DOCSIS 4.0, a new set of specs from CableLabs that represent the next chapter of the hybrid fiber/coax (HFC) network, promises to usher in higher levels of security and support apps that require super-low latencies, but boosting network capacity is the cornerstone.
"The key [for DOCSIS 4.0] really is spectrum," Doug Jones, principal architect at CableLabs, said last week during a "Live Learning" webinar hosted by Light Reading in conjunction with SCTE/ISBE focused on how operators can start to prepare for DOCSIS 4.0.
"With DOCSIS 4.0, spectrum is going to be a key that provides more capacity as well as more speed choices for consumers. With DOCSIS 4.0, we're really advancing the ball down the field toward 10G."
DOCSIS 4.0 intends to achieve that through a couple of different paths.
Full Duplex DOCSIS (FDX), a technology that started out as an annex to DOCSIS 3.1, supports a capacity upgrade to 1.2GHz, but adds in the ability to transmit upstream and downstream traffic on the same block of spectrum.
Extended Spectrum DOCSIS (ESD) currently supports up to 1.8GHz, and keeps the upstream and downstream traffic separated, with the option to dedicate a block of upstream in the range of 5MHz-684MHz.
For now, operators have been sizing up or starting to implement a "mid-split" upgrade that raises the upstream to 85MHz or a "high-split" that jumps it up to 204MHz.
When all the capabilities and spectrum are tied together, operators could use DOCSIS 4.0 to deliver capacity of up to 10 Gbit/s down and as much as 6 Gbit/s upstream.
"There's configurations where all of the spectrum on the coax can be allocated to broadband. That's a big deal," said Jones, noting that the amount of spectrum that can be used by DOCSIS 4.0 is roughly 200 times the amount that the single-channel DOCSIS 1.0 specs supported two decades ago.
Getting ready for D4.0
Though the first wave of DOCSIS 4.0 modems and gateways aren't expected until 2021 or beyond, operators and suppliers continue to concentrate on network planning ahead of these future upgrades.
As new systems and practices emerge for DOCSIS 4.0, they will need to live alongside the legacy systems.
That process will be aided by software defined networking and network virtualization alongside new automation capabilities, said Amol Chobe, principal solutions architect at Red Hat.
But "the cloud cannot solve every challenge," which is why operators will be relying on hybrid solutions during these transitions, Chobe said.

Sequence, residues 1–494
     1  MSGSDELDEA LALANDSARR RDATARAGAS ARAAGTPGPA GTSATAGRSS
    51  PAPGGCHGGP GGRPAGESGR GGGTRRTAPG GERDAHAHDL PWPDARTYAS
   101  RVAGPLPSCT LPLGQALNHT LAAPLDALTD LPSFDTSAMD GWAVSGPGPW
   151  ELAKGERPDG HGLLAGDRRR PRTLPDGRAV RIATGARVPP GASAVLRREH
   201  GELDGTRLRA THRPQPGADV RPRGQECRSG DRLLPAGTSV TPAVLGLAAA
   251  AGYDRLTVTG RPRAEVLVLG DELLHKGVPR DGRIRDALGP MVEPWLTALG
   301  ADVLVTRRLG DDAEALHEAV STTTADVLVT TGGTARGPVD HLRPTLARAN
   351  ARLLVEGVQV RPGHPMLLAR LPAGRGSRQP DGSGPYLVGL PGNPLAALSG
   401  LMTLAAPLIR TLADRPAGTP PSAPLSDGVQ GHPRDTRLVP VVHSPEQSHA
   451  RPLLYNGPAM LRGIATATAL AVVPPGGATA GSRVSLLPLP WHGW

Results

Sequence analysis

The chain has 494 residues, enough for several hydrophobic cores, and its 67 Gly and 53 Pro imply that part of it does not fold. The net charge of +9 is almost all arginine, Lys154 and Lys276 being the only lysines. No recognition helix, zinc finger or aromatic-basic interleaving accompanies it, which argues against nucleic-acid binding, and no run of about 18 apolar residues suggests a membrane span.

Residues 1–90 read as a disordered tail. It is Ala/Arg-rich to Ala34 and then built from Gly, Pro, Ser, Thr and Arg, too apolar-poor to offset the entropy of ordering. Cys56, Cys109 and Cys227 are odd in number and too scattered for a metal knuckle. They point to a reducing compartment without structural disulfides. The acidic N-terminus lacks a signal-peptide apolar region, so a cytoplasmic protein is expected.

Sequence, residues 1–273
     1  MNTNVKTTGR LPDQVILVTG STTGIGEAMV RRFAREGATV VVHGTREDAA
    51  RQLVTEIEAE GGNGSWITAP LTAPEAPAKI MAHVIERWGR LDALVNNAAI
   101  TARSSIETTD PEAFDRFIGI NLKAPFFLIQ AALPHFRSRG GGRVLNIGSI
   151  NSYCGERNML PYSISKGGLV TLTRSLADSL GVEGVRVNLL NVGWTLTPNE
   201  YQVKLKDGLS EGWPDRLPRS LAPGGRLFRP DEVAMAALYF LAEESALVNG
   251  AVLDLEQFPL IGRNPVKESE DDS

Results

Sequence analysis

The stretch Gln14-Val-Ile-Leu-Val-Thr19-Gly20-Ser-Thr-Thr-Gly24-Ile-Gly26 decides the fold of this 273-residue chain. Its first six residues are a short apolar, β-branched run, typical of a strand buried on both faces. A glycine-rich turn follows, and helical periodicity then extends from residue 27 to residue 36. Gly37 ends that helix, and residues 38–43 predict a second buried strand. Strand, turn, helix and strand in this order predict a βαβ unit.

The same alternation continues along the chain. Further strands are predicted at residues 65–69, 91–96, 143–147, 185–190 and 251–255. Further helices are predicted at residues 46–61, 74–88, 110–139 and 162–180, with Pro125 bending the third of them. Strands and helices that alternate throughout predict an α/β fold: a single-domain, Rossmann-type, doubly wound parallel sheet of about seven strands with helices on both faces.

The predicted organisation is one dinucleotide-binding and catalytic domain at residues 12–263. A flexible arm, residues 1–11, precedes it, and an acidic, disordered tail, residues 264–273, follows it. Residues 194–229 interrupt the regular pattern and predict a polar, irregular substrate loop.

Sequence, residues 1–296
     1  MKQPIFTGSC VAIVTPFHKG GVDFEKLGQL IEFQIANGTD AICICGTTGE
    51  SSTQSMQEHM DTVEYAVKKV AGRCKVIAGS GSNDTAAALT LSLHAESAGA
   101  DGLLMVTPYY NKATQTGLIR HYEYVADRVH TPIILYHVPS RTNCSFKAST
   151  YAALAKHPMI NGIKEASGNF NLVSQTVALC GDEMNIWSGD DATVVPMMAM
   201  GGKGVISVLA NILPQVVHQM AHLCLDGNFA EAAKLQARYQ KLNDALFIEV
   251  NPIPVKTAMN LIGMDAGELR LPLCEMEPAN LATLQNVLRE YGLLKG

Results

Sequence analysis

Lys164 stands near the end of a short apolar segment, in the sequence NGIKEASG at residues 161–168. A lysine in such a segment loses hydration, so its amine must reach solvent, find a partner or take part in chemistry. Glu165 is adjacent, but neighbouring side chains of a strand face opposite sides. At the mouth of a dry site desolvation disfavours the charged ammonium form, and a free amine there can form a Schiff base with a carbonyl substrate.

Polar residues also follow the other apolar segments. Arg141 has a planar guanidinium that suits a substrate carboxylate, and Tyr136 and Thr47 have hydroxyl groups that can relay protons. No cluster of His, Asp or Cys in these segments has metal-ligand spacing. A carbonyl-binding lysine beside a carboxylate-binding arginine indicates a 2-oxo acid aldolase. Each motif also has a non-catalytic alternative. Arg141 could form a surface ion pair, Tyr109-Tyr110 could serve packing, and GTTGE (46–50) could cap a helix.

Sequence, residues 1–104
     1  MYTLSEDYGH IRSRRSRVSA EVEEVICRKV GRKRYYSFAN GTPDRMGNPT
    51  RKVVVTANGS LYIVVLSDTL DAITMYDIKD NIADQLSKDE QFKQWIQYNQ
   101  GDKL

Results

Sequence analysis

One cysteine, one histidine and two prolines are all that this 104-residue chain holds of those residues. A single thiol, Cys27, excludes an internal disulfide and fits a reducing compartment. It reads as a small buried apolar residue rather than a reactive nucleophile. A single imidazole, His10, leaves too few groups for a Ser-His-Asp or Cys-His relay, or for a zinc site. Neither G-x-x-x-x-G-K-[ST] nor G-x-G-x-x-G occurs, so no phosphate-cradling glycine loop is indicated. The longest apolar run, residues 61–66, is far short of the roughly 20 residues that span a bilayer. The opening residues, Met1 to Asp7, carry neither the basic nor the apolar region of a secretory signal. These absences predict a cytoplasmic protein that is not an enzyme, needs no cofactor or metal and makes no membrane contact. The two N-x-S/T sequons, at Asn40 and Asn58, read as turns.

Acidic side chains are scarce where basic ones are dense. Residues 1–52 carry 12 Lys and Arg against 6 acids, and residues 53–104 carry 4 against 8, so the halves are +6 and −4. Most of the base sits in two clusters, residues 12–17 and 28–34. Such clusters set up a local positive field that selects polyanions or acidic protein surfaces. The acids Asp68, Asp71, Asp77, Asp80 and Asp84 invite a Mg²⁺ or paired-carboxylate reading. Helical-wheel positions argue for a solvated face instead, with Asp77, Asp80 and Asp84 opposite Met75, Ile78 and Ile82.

And the addition of new gobs of spectrum with DOCSIS 4.0 will also usher in some major changes coming to the physical plant, as fiber is deployed deeper into the network, said David Kozischeck, standards manager, global technology and industry standards at Corning.
One big change he sees coming is a surge in the number of wavelengths on the fiber, and the need to deploy more density into small spaces.
That boost in density, he said, could call on operators to deploy cabinets in the network as a demarcation point, that supports all of the new fiber nodes being deployed.
Another area cable operators will need to be wary of is power requirements, as capacity is built out to 1.2GHz and beyond, said Steve Condra, director, product management/engineering at Teleste Intercept.
Past spectrum upgrades involved much smaller increments than what's to come with DOCSIS 4.0, so managing the total composite power being put on the plant tied to this massive jump in network spectrum represents a major challenge ahead for operators, Condra said.
But the initial steps of DOCSIS 4.0 will likely involve the deployment of new passive devices that can accommodate these spectrum upgrades, said Neil Tang, president of Antronix.
"Right now is the time to start preparing your network, and typically passives are done first," Tang said.
3GHz on the horizon
DOCSIS 4.0 is still in the early development stages, but engineers are already noodling on standards that will support future HFC networks that are built out to 3GHz.
SCTE/ISBE launched a 3GHz task force more than a year ago and is making progress on a new 3GHz standards for network taps.
"There has never been an SCTE standard for the hardline tap, and now is the perfect time to create such a standard," said Dean Stoneback, senior director of engineering and standards at SCTE/ISBE.
"The cable operators have agreed that they want to only change tap housings one more time, giving them a runway for at least 30 years into the future."
He said there's a general desire to have a 3GHz backplate to these taps that can plug in various faceplates.
While the first wave of new faceplates will be for 1.2GHz or 1.8GHz, the backplate will be able to accommodate a 3GHz faceplate further down the road.
Stoneback said SCTE is also working on a similar standard for passives and is about to kick off a project for 1.8GHz actives that might include telemetry capabilities that could be supported by a Bluetooth low-energy interface or something similar to control it.
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— Jeff Baumgartner, Senior Editor, Light Reading